The urge was strong to call this “No Exit,” but remembrances of Jean Paul Sartre’s play of the same name about a hellish afterlife quickly squelched that idea. Instead, the chosen title should better reflect the realm of real property problems that can plague us in the current plane of life: parcels that do not seem to have access. I am currently working with property owners facing a quiet title action by landlocked neighbors claiming a right by “implied easement of necessity” to reach a public road. That made me investigate details of the language and of the chain of title. Problems with some of the plaintiffs’ arguments may temper the final decision by the court of equity, but it’s hard to say at this early stage.
When we say a parcel is landlocked, it means that it has no direct access to a public road, and owners must cross other people’s lands for ingress and egress. There are two parts to this situation: physical access and legal access. When there is legal access, either the parcel abuts a public road (over which the world at large has rights to travel) or there is an easement allowing access between a public road and that parcel over someone else’s land. When we speak of physical access, there is a trail, a road, a driveway, or there is an easement over someone else’s land allowing access between a public road and that parcel. But physical and legal access may not both be available. A parcel might have physical access but not the legal right to use it, such as frontage on limited access highways or abutting private roads. It might have legal access but not the physical means to exercise that right. And, of course, a parcel can have both or neither type of access.
Title insurance companies look carefully for physical or legal access, and place exceptions from coverage in their policies if a property neither abuts a public road nor has access by easement. That does not prevent people from buying landlocked parcels, though, sometimes with big plans in mind. The land is marketable but not insurable.
The courts may talk about creating landlocked situations as being against public policy and local ordinances may prevent creation of newly landlocked parcels, but there isn’t other legal prevention. So, we hear about “implied easements” and “easements by necessity” as resolutions to the problem. “Implication” refers to intent that was never committed to writing, and there are innumerable cases about later owners trying to mindread what the original parties “meant” to accomplish in their transactions.
The general principle of implied easements is that when someone sells part of a parcel, they grant by implication an easement necessary for “reasonable use” of the severed property in the place and to the extent that the grantors already used. This means that if there is a path that was used to access the divided-off portion, that access way becomes the location of the implied easement. The size of the easement is to be consistent with the use, or anticipated and foreseeable use of that subdivided area. So if, at the time of severance, the wooded new lot was used for recreation and there was no development going on in the area, access is based on historic use.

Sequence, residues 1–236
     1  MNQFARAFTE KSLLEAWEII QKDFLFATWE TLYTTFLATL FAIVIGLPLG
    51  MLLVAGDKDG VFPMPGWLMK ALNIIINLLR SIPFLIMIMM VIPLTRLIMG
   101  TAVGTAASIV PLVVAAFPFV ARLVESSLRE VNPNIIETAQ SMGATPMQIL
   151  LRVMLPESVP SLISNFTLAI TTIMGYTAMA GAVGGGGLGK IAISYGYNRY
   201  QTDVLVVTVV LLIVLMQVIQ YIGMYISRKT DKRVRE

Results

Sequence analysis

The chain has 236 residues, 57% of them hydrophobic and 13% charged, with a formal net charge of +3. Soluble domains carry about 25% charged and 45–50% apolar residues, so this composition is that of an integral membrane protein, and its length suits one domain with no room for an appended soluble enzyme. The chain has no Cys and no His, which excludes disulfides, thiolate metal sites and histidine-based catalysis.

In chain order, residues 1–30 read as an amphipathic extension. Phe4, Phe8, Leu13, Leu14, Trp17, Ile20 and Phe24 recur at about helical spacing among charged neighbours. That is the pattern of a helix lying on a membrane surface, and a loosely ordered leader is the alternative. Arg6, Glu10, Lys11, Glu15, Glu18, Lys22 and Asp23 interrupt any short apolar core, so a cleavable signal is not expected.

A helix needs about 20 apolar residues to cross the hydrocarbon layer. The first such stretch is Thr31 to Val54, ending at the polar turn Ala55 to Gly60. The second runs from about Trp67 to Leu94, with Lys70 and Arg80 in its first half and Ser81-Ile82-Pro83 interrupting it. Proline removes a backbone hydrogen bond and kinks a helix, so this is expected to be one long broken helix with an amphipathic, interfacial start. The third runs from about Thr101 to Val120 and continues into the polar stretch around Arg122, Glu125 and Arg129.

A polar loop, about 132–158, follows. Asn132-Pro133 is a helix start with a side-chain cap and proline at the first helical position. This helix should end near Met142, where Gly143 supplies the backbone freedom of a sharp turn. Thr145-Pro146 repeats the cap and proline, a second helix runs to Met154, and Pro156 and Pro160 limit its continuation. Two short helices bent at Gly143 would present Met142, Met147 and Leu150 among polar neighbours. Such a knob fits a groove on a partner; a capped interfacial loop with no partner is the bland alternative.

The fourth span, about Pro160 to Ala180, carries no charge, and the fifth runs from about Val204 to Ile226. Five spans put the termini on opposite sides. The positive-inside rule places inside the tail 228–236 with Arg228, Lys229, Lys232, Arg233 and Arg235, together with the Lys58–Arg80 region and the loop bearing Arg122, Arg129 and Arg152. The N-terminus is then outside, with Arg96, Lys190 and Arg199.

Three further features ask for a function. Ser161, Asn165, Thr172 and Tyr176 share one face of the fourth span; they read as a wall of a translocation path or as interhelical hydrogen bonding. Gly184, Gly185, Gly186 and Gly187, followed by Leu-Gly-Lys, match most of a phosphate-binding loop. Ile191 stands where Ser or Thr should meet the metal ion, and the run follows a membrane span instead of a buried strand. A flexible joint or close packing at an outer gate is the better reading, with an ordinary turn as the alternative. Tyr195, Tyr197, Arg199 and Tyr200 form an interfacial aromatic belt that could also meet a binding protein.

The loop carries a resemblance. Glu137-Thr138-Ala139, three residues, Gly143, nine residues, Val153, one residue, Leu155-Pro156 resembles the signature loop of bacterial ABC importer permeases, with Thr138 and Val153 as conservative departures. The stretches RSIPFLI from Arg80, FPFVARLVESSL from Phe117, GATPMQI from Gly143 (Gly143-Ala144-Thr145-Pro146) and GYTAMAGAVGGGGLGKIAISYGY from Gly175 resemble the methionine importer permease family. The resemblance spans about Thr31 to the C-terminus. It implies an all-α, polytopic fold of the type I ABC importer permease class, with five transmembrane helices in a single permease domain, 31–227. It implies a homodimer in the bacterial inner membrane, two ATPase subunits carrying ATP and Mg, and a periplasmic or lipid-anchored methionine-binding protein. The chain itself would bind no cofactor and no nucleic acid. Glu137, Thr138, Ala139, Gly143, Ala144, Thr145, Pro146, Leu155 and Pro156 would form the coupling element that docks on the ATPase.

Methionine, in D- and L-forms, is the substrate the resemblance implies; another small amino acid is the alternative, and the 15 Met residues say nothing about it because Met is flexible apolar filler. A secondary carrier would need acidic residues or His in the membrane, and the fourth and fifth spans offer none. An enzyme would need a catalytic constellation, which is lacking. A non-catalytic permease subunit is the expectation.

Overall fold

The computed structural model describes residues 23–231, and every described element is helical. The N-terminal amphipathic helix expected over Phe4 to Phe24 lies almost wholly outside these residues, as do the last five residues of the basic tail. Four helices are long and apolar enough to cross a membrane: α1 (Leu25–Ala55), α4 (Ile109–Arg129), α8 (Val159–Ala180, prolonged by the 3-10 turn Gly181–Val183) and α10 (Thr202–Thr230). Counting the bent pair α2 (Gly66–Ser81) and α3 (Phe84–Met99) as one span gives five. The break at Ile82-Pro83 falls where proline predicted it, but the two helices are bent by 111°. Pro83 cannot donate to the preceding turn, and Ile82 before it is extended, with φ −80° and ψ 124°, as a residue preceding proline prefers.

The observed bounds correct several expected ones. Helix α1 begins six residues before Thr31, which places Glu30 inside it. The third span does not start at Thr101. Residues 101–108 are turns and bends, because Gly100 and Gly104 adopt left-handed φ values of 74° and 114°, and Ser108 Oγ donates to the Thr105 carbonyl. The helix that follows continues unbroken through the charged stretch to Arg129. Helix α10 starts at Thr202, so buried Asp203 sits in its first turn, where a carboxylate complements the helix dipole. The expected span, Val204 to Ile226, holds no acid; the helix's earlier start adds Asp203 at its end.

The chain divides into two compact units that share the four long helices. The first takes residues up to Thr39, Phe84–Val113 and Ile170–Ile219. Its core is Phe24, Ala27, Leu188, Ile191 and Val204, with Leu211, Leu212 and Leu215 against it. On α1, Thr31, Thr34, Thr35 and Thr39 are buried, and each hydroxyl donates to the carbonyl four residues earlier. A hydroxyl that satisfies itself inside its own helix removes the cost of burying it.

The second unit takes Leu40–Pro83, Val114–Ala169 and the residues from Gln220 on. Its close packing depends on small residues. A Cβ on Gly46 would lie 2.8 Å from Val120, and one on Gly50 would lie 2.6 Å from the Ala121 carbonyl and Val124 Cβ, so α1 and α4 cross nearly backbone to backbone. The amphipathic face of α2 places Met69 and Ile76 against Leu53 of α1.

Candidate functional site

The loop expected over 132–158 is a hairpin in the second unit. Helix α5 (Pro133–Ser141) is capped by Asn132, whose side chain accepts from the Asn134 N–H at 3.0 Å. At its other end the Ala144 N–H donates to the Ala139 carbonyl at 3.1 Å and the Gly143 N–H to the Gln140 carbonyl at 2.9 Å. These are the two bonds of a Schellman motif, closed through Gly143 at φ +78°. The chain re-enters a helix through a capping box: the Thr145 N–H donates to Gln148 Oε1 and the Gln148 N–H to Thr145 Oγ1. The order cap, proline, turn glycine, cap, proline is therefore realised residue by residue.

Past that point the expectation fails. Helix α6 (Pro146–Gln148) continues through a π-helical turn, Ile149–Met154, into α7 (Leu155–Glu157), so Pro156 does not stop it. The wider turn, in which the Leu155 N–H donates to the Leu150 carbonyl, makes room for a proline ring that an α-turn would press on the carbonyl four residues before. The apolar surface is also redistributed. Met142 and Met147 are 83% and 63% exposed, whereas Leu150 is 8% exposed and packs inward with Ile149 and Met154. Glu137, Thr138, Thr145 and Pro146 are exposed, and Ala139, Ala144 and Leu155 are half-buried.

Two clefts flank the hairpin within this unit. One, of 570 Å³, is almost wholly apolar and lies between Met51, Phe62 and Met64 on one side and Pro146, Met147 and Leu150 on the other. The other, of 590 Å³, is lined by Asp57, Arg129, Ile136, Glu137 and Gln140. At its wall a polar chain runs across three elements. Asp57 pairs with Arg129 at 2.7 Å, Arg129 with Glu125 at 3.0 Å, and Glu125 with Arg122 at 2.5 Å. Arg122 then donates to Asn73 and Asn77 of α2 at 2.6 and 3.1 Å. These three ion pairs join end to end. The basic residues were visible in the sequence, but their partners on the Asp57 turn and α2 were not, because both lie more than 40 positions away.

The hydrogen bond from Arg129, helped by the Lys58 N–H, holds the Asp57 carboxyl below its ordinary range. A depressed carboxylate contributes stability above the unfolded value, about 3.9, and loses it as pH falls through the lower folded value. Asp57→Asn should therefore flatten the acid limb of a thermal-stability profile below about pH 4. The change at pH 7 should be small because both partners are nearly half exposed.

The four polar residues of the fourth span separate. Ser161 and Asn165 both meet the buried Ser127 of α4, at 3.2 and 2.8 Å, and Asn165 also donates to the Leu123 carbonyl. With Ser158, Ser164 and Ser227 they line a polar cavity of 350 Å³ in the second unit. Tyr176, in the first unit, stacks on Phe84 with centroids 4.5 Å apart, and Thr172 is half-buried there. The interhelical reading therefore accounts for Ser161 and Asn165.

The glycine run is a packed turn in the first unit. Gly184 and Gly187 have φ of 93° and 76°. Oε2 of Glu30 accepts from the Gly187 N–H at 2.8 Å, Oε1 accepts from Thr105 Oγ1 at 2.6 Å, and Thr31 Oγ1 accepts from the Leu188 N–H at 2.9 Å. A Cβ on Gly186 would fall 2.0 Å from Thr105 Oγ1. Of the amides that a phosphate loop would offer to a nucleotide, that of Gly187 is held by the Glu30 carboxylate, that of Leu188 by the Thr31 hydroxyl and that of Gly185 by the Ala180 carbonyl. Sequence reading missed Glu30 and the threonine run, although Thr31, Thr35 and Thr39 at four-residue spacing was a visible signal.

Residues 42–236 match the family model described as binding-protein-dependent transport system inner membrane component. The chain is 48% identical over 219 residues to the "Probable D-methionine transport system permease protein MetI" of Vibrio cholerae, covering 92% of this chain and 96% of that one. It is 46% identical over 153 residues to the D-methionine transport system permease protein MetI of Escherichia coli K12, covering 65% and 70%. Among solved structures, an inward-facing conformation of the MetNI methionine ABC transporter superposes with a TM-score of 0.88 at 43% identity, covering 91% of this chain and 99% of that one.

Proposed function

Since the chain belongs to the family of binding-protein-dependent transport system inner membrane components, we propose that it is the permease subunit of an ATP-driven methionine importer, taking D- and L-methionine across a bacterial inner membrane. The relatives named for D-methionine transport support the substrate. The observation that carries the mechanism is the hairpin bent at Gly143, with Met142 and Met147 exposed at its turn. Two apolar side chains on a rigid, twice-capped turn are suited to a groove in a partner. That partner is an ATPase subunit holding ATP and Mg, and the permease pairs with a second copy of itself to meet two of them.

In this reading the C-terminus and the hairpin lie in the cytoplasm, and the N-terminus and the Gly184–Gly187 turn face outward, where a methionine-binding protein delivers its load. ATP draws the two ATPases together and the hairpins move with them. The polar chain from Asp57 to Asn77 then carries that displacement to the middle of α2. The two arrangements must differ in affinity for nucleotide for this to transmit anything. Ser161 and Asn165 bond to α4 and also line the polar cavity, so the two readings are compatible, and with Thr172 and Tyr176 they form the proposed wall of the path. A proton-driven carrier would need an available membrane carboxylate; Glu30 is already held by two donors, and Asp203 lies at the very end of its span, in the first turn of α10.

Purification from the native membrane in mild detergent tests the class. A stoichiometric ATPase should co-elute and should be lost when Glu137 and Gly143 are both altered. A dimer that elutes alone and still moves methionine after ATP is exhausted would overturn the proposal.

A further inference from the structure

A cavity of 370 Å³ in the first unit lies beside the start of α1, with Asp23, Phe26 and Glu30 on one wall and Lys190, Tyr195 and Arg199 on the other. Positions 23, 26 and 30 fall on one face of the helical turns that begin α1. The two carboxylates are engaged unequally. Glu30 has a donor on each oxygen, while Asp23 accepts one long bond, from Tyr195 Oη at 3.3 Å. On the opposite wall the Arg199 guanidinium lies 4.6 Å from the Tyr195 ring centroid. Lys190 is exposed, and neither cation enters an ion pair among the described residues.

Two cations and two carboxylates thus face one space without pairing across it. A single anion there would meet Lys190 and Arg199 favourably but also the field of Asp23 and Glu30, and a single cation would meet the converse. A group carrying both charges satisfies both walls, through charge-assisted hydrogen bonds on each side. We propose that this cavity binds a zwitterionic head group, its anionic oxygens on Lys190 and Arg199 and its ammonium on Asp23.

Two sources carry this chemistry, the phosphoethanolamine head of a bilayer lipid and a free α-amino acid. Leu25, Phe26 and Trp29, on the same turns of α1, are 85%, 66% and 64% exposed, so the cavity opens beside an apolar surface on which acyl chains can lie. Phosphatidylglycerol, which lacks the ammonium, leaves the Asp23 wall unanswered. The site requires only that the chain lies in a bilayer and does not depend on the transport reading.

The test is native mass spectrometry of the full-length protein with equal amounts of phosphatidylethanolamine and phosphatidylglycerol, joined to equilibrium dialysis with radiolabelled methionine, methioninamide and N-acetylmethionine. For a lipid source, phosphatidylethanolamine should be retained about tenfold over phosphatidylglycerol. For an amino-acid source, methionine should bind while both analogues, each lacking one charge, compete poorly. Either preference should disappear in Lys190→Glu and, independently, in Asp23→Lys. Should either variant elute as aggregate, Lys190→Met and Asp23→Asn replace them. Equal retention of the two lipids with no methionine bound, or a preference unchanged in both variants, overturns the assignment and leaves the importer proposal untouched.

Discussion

Easements of necessity are those that are considered “indispensable to the enjoyment of the dominant estate” and easements by necessity arise “by operation of law when land conveyed is completely shut off from access to any road by land retained by grantor or by land of grantor and that of a stranger” (thank you, Black’s Law Dictionary). This means that there must have been unity of ownership at the time of the creation of the need for access. States and courts vary in how they define the extent of the need, whether it is “strict necessity”, “great necessity”, or some other level, and also in how this is resolved. Statutes exist in some states to allow landlocked owners to try to negotiate with any and all adjoining owners to secure access, and if these efforts fail, to condemn an easement. Other states have no statutory allowances and require other legal actions to sue for access.
Whatever the legal method, if claiming that initial parties intended (implied) access as necessary to enjoy the land, resolution requires looking back in time for deeds and historical conditions. Was this parcel divided from the land the new owner now wants to cross, and landlocked by that severance? If not, there is no implied easement. But if yes, and the landlocked owner just doesn’t like the route the servient estate now offers, preferring a more direct or less arduous means, courts may treat this as an unacceptable argument for mere convenience, although possibly balanced by equity. Furthermore, if the landlocked parcel was used for hunting and timbering, modern desires to create a residential development do not translate to rights for a 50-foot wide roadway conforming to local land use ordinances.